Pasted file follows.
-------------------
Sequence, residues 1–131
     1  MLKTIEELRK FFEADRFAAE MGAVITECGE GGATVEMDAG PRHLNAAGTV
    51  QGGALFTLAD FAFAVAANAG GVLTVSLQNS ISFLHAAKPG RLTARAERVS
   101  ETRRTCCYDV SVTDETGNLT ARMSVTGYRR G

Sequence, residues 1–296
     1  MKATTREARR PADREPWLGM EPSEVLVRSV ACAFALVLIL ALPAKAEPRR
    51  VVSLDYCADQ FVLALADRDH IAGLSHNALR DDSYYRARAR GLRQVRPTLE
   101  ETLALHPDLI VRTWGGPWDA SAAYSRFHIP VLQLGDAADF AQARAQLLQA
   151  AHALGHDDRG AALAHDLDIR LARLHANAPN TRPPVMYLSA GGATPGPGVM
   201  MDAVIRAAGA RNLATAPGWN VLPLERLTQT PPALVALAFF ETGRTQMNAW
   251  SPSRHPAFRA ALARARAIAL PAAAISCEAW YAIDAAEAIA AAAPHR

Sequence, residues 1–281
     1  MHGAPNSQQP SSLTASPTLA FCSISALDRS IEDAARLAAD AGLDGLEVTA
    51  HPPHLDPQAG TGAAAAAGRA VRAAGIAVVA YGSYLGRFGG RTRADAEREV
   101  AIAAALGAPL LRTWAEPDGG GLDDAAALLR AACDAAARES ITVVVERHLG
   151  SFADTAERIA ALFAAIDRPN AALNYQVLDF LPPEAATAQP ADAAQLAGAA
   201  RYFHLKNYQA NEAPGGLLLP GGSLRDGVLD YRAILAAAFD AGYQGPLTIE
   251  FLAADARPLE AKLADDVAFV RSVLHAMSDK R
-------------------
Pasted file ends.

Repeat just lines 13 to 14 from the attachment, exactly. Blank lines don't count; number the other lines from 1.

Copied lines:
     1  MHGAPNSQQP SSLTASPTLA FCSISALDRS IEDAARLAAD AGLDGLEVTA
    51  HPPHLDPQAG TGAAAAAGRA VRAAGIAVVA YGSYLGRFGG RTRADAEREV